This is one of those posts that I’m hesitant to put live. My gut instinct says it will come back to haunt me somewhere down the road, nevertheless I JUST HAVE to give this to you. Enjoy:
You are about to learn a few simple tactics that you can utilize to demolish your competition. I strongly suggest that you consult with a seasoned anti-trust attorney prior to putting anything you learn in this post into play.
When Competition Is Weak, Create More Competition (that you own)
CASE STUDY: Lapel Pins & Badges Online
Any time people Google custom pins, badges, key-chains, or medallions, there’s a 99.99% chance that they’ll find one of my associate’s websites. Each URL is setup as an exclusive entity, with a different template, address, number, price structure, and customer service rep fielding calls. The only similarity is that all sites run from 2 separate call centers that are partitioned into different sections/businesses – hence each site has dedicated reps in order to avoid intermingling calls.
These sites are all owned by 1 operator:
NOTE: There’s around 20 other iterations that are ranked organically & running media.
When my associate launched these sites there were 1 or 2 soon-to-be fossil competitors lingering in the space. After a pilot test of 1 lander he quickly realized this was a vertical that he could completely dominate. Game on!
Over the next few years he built out site after site, launching them THE MOMENT they were completed. His competitors DID NOTHING in response. Perhaps they had gotten fat, lazy, and happy after years of auto-piloting their pin sites while cruising around the world or doing whatever it was they they were doing. It’s all good until real competition enters your industry. Just ask Ace Hardware about Home Depot or Circuit City about Best Buy 🙂
Big Things Happen While People Sleep
Indeed, the silence was deafening. Over a period of 36 months the historic leaders in the lapel pin vertical COMPLETELY LOST their yield. With no market yield, their entire business soon rested on repeat customers. The historic customer base slowly dwindled away as the educated consumers “discovered” new, cost-effective alternatives to their historic supplier.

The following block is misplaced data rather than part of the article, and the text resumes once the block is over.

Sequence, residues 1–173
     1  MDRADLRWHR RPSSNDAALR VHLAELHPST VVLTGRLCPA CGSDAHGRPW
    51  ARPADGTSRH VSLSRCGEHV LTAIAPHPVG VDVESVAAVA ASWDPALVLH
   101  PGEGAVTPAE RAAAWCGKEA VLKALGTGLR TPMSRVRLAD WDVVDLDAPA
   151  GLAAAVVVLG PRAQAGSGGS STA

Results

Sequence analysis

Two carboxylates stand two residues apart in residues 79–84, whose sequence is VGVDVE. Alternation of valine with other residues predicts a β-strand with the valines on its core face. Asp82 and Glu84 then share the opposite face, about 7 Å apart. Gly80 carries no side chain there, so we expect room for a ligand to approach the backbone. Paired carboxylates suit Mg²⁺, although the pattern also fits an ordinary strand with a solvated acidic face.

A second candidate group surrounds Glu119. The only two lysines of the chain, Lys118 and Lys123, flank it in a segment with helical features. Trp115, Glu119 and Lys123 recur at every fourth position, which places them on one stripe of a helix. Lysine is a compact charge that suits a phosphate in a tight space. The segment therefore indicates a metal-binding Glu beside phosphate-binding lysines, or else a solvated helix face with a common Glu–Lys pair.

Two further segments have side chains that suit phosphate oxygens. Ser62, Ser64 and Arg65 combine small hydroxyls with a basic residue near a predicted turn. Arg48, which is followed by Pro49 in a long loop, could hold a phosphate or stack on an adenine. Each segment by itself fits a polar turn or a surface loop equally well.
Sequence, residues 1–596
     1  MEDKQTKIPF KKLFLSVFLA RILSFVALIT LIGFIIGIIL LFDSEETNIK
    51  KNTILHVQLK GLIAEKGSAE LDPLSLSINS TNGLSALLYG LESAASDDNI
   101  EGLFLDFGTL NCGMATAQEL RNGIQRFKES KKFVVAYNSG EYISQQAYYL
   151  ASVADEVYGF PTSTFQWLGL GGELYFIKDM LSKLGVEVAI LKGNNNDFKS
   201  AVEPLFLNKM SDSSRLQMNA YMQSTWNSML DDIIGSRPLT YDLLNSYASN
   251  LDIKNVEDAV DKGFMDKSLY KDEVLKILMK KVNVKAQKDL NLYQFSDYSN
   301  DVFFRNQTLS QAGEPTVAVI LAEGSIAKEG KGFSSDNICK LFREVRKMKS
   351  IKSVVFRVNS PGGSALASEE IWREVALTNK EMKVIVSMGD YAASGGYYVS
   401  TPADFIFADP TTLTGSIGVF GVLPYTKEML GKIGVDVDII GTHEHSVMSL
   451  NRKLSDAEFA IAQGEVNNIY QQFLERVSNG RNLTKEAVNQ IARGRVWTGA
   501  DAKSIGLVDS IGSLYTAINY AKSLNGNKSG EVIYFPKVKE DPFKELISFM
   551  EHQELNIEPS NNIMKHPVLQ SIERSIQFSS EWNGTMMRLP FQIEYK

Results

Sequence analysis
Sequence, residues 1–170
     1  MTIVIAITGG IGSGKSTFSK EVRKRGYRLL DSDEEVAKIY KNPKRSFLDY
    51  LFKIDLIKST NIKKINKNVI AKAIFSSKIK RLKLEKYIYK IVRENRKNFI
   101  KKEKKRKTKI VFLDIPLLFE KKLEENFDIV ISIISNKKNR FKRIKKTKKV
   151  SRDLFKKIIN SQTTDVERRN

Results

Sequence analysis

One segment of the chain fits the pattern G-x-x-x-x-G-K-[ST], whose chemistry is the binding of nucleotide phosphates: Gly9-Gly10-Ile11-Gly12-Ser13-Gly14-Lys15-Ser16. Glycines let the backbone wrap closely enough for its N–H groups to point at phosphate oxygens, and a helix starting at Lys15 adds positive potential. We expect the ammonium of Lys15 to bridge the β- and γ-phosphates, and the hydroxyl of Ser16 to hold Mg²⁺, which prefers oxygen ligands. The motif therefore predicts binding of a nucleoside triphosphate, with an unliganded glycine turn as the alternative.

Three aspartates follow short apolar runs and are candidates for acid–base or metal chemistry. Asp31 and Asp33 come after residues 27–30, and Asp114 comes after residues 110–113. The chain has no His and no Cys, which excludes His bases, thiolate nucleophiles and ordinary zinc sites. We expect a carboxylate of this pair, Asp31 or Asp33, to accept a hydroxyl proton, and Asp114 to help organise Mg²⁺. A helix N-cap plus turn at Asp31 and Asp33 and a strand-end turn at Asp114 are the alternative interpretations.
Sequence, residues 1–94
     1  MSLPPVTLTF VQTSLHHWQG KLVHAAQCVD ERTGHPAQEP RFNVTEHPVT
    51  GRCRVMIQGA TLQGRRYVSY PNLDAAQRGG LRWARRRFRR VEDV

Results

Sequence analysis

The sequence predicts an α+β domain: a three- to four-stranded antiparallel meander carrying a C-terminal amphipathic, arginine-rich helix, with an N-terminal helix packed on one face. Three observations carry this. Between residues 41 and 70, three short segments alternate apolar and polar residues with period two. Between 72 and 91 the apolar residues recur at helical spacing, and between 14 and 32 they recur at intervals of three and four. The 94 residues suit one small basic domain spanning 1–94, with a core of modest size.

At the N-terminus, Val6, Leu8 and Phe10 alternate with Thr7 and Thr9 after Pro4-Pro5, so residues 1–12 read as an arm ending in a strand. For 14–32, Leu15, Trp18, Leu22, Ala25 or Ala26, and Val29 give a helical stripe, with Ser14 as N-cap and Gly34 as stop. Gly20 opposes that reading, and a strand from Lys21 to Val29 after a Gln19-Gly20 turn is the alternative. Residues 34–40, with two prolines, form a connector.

In the end my associate ended up buying out his top competitor while the rest of the competition went out of business/became irrelevant. The Weak Are Killed and The Injured Are Eaten.
3 KEY TACTICS to monopolizing your vertical:
1. Build Out 20-30 Unique Landers/E-Commerce Stores/Lead Gens
In order to capture the entire market, it’s important to create multiple roads back to your business. There’s no such thing as a one-size-fits-all to marketing.
Some consumers like to buy off of simple landers with a telephone number, others prefer elaborate e-commerce sites. Create dozens URLs, each with different color schemes, variations, feels, etc. Utilize the entire spectrum of motifs, from austere to comical. Take your time and build-out each site to perfection – don’t shortcut quality for quantity.
2. Buy Up All Media
Take your top 4-10 sites (depending on your budget) and start buying all the media placements. Auto-bid as high as possible, even if you are initially losing money. It’s not anti-competitive, it’s ULTRA COMPETITIVE. Your raising the bar in the industry that you’re about to own, right?
Make sure you setup each account from a separate IP address (ESPECIALLY on Google, Yahoo, and Bing) and use a separate name/credit card number. Do NOT use a proxy, sophisticated traffic sources will catch you. You actually need to do it from mutually exclusive geographic locations.
If possible use a different computer to setup each account (digital fingerprinting), but if not possible, make sure you clear the cache on yours – there’s still a risk that you’ll get flagged.
VERY IMPORTANT: Stay disciplined to NEVER open up your advertising account outside of the geographic location in which you opened it. If you happen to slip up and open the account from a location where you are running another account, then you will likely get flagged and have your account shutdown.
3. Create Price Differentials
Bait-the-hook to suit-the-fish. Pricing psychology is key in markets. Remember that there’s consumers who ALWAYS look to purchase the highest dollar items, while others are bargain shoppers.
I suggest setting up as many pricing models as possible: continuity, non-continuity, shopping carts, call-in orders only, long-term contracts, high-end, and low-end pricing. Then test out multiple variations of each model and optimize to gain FULL MARKET YIELD!!!
In most niches it’s highly unlikely that you’ll get sued for what some deem as “anti-competitive” behavior unless you’re a behemoth like Microsoft. Enjoy market dominance!
P.S. There’s a lot more that I didn’t reveal, but the above is a good start.